To the editor:
The Environmental Action Plan, approved by the Alexandria City Council on June 13, is an impressive achievement. What is needed now is a genuine commitment from the Council to implement it, including the significant funding that will be required.
The next City Council must have a serious discussion about how actions to improve our environmental health and quality of life should fit into overall city funding priorities. In the past, the environment has generally been lower on the priority list, and the citys position that new environmental initiatives can only be funded during good economic times is disheartening.
We need to recognize that many of the actions in the plan could help prolong lives and help many people live healthier lives. In deciding funding priorities, how do you weigh these benefits versus, say, the benefits that might be reaped by upgrading to four-person firefighting teams, instead of the current three-person teams, as is being considered? In the past, this kind of trade-off hasnt even been considered. But it needs to be in the future; that is, if the Councils concern about environmental quality is genuine.
I believe that one aspect of the plan is particularly important: reducing storm water runoff. Runoff is a big problem, for a variety of reasons, including its effects on the Chesapeake Bay. To deal with it, we have invested in a system that is overtaxed and very expensive to upgrade and maintain. If we can reduce the burden on this system through water reuse, rain gardens, and green roofs and other green infrastructures we can help save the bay and potentially save taxpayers a huge amount of money in the long run (in terms of lower maintenance costs and a reduced need for upgrades).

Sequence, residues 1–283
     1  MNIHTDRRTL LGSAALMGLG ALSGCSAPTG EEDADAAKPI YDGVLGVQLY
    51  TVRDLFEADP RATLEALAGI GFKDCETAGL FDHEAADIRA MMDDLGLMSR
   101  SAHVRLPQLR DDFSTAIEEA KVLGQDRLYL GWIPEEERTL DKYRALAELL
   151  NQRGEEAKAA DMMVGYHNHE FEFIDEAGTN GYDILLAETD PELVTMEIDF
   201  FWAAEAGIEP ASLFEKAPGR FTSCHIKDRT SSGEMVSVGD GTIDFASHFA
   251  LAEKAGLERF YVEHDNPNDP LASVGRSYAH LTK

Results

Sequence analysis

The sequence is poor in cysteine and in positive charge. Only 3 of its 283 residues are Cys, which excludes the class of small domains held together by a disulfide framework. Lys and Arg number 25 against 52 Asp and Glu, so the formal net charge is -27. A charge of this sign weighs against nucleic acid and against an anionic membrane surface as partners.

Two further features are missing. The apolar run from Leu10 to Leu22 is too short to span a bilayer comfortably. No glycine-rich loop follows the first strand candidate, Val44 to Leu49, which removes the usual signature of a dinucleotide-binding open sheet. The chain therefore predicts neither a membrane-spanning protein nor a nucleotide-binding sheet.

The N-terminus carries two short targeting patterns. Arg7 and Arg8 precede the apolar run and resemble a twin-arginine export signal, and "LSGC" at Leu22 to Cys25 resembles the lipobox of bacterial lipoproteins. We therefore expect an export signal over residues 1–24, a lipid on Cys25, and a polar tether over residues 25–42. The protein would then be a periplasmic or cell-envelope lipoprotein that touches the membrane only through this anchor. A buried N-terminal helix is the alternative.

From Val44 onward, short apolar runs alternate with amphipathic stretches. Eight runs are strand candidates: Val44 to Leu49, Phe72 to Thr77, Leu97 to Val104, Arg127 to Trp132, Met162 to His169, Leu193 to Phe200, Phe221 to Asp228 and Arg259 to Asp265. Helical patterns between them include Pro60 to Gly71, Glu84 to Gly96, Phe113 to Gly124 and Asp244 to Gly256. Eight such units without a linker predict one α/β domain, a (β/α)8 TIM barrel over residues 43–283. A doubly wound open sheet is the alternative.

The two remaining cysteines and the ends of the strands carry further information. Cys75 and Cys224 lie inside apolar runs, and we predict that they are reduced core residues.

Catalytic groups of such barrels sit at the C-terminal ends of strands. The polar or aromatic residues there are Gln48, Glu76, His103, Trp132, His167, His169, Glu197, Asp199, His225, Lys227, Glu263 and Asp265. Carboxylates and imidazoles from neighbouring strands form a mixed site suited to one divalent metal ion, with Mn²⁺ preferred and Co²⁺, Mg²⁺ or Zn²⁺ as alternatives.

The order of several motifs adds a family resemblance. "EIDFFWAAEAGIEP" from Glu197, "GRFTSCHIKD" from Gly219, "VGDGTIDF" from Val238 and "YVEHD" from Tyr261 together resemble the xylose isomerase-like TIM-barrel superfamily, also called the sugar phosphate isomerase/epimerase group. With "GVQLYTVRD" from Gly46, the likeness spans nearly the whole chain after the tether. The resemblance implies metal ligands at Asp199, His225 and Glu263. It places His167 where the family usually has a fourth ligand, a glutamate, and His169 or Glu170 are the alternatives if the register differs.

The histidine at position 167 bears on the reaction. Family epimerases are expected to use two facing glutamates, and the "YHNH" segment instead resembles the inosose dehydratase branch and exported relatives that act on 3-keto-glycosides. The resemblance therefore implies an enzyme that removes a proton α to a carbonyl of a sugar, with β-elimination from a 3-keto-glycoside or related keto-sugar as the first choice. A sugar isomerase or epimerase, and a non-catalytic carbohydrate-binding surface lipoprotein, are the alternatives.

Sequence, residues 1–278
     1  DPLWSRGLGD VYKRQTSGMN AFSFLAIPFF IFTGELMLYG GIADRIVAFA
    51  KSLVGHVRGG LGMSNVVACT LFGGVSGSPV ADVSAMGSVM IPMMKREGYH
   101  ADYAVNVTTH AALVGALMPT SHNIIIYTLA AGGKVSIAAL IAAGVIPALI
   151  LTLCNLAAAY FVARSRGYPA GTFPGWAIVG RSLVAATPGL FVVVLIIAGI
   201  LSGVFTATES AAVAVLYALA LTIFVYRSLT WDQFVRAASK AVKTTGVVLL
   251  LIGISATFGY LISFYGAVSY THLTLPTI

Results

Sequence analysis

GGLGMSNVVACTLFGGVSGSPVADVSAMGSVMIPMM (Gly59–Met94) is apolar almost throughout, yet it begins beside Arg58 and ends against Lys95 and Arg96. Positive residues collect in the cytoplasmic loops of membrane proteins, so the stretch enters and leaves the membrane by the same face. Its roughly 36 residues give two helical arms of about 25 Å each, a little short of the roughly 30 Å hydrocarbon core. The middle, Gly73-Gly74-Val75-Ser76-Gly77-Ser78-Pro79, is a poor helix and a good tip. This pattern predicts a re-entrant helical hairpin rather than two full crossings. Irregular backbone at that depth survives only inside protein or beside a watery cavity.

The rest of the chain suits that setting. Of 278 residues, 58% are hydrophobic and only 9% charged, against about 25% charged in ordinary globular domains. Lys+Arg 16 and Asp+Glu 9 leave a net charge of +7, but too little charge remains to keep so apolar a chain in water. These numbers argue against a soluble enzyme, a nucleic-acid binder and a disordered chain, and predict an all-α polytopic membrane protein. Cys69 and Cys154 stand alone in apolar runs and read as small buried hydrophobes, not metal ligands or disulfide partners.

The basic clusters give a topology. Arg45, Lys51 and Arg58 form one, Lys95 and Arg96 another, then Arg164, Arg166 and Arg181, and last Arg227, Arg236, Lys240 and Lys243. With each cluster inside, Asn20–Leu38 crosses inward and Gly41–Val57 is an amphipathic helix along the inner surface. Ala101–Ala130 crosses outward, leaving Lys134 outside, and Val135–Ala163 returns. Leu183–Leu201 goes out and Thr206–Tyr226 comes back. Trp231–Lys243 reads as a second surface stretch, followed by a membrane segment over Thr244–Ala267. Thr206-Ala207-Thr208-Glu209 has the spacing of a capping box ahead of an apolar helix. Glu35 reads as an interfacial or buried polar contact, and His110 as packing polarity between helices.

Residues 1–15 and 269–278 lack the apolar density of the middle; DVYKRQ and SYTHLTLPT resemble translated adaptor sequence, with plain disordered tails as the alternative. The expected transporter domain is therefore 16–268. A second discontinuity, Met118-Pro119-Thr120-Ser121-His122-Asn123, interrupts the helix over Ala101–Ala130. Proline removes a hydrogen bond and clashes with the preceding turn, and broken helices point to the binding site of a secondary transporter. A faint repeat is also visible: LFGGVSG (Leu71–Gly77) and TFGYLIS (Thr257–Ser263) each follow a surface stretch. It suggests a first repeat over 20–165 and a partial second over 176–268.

To do this, though, were going to have to do even more than is directly outlined in the Environmental Action Plan. Indeed, were going to have to become obsessive about removing impervious surfaces in the city. A 2001 study estimated that 46 percent of the citys surface is impervious; that is, built on or paved over. Because of recent development, this figure is now probably more than 50 percent.
Perhaps a quarter to a third of this area, however, is under city control, because it is made up of streets and sidewalks. Removing unnecessary street and sidewalk paving and replacing it with trees, rain gardens and so on, could capture a significant amount of rainfall that otherwise would have gone into the storm water system.
I urge the next City Council to consider more pilot programs to experiment with various green street techniques and examine the potential savings of using these techniques vis–vis the status quo system. Although the upfront costs of redesigning and reengineering streets may be high, the longer-term savings could be substantial. And these greener streets would lead to a significantly greener city.